One Word: Plastics

Gary S. Vasilash


By and large, plastics have been embraced in automotive for a vast array of non-structural applications. Check out an interior. Short of leather seats and the structure underlying the urethane foam (hmm. . .), most of the visible elements are likely to be plastic. Look at the instrument panel. It’s made of any number of plastics, including ABS (acrylonitrile-butadiene-styrene), polypropylene, and others. While that steering wheel may have a steel or magnesium core, it probably also makes use of vinyl or urethane (even if it’s wrapped with leather). There are the door trim panels of ABS or GMT composite (polypropylene/fiber glass). And much more. (Including that bad-looking “wood” that so many vehicle manufacturers seem to think means “luxury.”)

Under. Pop the hood. Intake manifold—plastic. Probably a nylon. Air cleaners are made with nylon and polypropylene. There are plastic (nylon or molded vinyl ester) rocker arms in some applicaitons. The oil pan can be made with the same. Plastic doesn’t rust, so is it surprising that water pumps are fabricated with nylon and polyphenylene sulfide (PPS)? Bearing housings are being made with nylon. Transmission seal rings: flouropolymers. Climb under the car and look at the polyetherimide oil pan. While you’re at it, note the high-density polyethylene (HDPE) blow-molded fuel tank (which is actually a multiplayer container—using more plastics). The fuel lines are nylon. And going back to the engine, there may be composite fuel rails (that are integrated with the nylon air intake manifold). Perhaps there’s even an entire sound-attenuating engine cover produced with nylon.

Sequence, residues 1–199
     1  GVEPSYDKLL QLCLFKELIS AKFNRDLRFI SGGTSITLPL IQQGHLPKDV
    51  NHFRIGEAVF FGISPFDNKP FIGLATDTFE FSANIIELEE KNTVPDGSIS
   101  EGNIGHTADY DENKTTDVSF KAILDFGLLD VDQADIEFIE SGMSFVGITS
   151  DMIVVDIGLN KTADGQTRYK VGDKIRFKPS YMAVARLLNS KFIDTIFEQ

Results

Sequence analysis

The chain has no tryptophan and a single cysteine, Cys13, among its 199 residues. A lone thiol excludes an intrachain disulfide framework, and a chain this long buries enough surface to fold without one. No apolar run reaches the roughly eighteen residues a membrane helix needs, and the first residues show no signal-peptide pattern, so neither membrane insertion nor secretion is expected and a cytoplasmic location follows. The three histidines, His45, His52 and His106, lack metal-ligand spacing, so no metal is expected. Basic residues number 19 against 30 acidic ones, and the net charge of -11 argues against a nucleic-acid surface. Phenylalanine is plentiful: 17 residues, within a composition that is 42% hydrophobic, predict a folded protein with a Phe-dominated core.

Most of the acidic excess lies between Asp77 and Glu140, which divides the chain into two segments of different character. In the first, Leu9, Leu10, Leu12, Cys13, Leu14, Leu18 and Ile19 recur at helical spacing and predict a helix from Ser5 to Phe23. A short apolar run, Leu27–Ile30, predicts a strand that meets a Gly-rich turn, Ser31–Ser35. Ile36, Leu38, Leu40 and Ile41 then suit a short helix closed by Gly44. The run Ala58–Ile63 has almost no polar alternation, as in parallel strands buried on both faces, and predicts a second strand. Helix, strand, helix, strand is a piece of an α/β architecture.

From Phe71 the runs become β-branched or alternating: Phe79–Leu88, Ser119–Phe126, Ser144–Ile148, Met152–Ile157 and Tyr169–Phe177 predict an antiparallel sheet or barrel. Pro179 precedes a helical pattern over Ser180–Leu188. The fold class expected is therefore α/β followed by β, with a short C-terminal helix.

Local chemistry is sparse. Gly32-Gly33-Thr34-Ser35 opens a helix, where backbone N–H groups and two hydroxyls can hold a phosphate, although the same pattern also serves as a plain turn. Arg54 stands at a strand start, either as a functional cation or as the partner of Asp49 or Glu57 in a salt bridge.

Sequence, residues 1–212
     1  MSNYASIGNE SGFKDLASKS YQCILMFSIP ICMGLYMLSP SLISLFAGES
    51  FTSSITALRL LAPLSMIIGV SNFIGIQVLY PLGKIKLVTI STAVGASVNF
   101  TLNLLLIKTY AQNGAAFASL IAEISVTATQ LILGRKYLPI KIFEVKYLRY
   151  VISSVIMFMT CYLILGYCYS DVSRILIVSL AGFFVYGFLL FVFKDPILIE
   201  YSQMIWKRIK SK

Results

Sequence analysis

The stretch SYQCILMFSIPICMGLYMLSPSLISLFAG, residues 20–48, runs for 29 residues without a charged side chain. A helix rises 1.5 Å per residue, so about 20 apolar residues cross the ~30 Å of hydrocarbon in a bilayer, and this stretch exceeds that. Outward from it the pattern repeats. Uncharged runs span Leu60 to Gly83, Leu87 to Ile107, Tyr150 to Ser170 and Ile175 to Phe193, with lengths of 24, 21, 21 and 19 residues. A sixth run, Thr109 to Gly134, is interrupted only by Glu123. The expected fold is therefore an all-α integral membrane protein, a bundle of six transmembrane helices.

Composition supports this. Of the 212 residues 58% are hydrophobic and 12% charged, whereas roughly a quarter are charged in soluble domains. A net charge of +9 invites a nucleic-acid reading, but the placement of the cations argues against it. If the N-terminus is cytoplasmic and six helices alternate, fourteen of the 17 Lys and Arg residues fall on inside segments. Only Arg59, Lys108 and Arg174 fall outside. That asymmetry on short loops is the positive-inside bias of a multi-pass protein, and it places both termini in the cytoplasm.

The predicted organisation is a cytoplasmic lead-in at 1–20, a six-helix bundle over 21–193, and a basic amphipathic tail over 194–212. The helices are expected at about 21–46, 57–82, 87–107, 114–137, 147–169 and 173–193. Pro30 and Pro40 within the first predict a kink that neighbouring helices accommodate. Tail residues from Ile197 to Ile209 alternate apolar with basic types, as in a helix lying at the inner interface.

Outer. Meanwhile, on the outside, it is the same. The front and rear fascias are plastic, probably a TPO (thermoplastic olefin) or a polycarbonate or a poly- (ester/propylene/urethane/amide). Trim bits, from door handles to wheel covers: plastic. Nylons, polystyrene, and more. Headlamps have made the transition, largely, to polycarbonates, as have the various other lenses on the side and rear of the vehicle. There are lots of areas where plastic materials have come to the fore. Yet of the more obvious instances where there hasn’t been major ground gained is the body itself. Short of things like the polymer-paneled Saturns (which employ a GE Plastics PPO, a mineral filled Dow PC ABS, and a Montel TPO) and the composite-based Corvettes, there aren’t a whole lot of plastic-bodied vehicles. Steel remains supreme. And aluminum advocates are making an effort to gain more exterior real estate with some good effect (see “Aluminum Studies,” AD&P, May ‘03 ).

Reviewing applications such as these, Bruce Cundiff, a man who has been in the plastics industry for more than 35 years, and who is now the director of the American Plastics Council’s Automotive Learning Center (Troy, MI), admits that the change from an alternative material to plastic has largely been a matter of increments. Year after year, for about the past 20, he says, there have been changes, from some material for some application to a plastic material for that application. As he looks ahead: “The next five years, it won’t be much different. But in the next 20, then plastics are going to have a significant impact on what we’re going to see in cars.”